Marie Brizard Wine & Spirits reports results for 2020 and Q1 2021

29 April, 2021

Marie Brizard Wine & Spirits has reported a net loss of €38.4 million for 2020.

That represents a significant improvement on the previous year, as the group’s net loss was €65.9 million in 2019.

The improved performance can be attributed to an increase in revenue and the impact of bulk sales at attractive prices.

MBWS reported net revenue (excluding excise duties) of €169.1 million in 2020, an increase of 2% on the €166.9 million net revenue it achieved in 2019.

EBITDA improved substantially, reaching €10.6 million in 2020. MBWS hailed the positive one-off effects of temporary ethyl alcohol bulk sales in Lithuania during the Covid-19 crisis, which amounted to €3.7 million, along with an improved distribution model in the United States.  

“The mobilisation of our teams during this very special year and the continued operational execution of our value creation strategy have led to an improvement in EBITDA in 2020 and demonstrate the relevance of our strategic choices,” said chief executive Andrew Highcock. “Now relying on a strengthened financial structure, the group will pursue the alignment of its costs to the size of the business on a country-by-country basis, as a key to the sustainable consolidation of its profitability.”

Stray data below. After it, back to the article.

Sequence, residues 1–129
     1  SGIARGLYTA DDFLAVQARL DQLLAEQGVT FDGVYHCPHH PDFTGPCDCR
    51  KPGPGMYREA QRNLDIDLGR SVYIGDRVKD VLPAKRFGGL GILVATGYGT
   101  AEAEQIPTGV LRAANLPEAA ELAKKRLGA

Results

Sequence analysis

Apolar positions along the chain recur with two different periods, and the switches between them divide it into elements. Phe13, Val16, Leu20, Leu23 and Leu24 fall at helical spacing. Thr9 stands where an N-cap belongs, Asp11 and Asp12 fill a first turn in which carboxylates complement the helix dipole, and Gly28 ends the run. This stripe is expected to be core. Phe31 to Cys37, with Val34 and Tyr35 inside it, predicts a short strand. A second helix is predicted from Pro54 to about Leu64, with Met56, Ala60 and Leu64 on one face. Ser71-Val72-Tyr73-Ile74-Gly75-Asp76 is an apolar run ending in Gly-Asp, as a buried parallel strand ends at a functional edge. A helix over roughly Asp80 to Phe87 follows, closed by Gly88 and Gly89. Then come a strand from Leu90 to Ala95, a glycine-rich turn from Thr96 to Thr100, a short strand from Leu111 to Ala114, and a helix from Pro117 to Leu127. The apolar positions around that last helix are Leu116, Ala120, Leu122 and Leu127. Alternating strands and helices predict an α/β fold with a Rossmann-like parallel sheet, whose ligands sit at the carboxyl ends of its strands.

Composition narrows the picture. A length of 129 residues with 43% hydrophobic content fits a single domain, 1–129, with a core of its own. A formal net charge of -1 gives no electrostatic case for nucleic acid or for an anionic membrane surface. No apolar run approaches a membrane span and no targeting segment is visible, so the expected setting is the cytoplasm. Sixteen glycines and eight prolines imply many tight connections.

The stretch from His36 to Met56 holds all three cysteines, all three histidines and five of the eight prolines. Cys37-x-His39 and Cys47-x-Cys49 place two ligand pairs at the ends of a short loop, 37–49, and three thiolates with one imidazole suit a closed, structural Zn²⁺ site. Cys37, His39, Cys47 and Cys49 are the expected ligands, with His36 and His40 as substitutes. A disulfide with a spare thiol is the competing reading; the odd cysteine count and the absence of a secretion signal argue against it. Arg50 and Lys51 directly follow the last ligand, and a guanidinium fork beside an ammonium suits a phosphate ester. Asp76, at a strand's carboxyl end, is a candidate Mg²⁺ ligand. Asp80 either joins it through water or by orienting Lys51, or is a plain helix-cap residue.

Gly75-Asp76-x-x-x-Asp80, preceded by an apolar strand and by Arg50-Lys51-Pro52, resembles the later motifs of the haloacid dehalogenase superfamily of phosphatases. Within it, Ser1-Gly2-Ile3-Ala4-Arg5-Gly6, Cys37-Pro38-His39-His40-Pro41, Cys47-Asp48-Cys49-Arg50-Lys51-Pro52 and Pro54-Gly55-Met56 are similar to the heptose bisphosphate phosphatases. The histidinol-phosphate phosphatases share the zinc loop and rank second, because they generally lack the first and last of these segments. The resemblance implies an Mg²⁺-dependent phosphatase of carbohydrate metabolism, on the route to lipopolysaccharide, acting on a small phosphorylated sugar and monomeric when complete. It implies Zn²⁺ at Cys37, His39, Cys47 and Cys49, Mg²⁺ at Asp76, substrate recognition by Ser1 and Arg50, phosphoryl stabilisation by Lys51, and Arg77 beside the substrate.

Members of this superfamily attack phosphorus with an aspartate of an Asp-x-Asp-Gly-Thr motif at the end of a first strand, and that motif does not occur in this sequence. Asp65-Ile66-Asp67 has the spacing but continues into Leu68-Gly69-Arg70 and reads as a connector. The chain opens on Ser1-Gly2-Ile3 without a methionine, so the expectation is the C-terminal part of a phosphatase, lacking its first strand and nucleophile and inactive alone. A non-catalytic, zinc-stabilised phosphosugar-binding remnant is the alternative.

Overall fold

The group recorded modest growth in the Asia-Pacific region during 2020, but its branded business saw revenues decline slightly in all other regions. However, the impact of bulk sales at attractive prices helped to increase the gross margin rate to 42.4% in 2020, compared to 41.3% in 2019.

At the end of December 2020, the group’s net financial debt amounted to €43.6 million, down by €3.1 million compared to December 2019.

The firm has also reported unaudited net sales for the first three months of 2021. Sales were down 6.9% compared to Q1 2020, as growth of 6.6% in France was offset by a 17.1% decline in international sales.

MBWS pointed to on-trade closures in the UK, Spain and Scandinavia, which hampered its international performance.

Highcock is confident that the company will enjoy a strong future, but said it is “cautious” about its prospects for 2021.

“Focused on leading brands or brands with a growing reputation, MBWS is committed to addressing new consumer trends, seeking more naturalness and less alcoholic products,” he said. “The pandemic has also led to the emergence of home consumption of cocktails, a trend that is likely to continue.

“After these encouraging results in 2020, the group remains cautious for 2021 as the economic impact of the pandemic persists at the beginning of the year in many of its markets. We remain confident and fully committed to the success of MBWS.”

The firm agreed to sell 100% of its holding in wine brand Moncigale to parent company Grands Vins JC Boisset last year. It also finalised the sale of its MBWS Polska unit and the Polmos Łańcut distillery to Poland-based United Beverages.





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Nick Strangeway

Bar food's blurred lines

Once upon a time pubs and bars were somewhere you went with the sole purpose of getting pissed and there wasn’t a knife and fork in sight, just a packet of dry roasted nuts.

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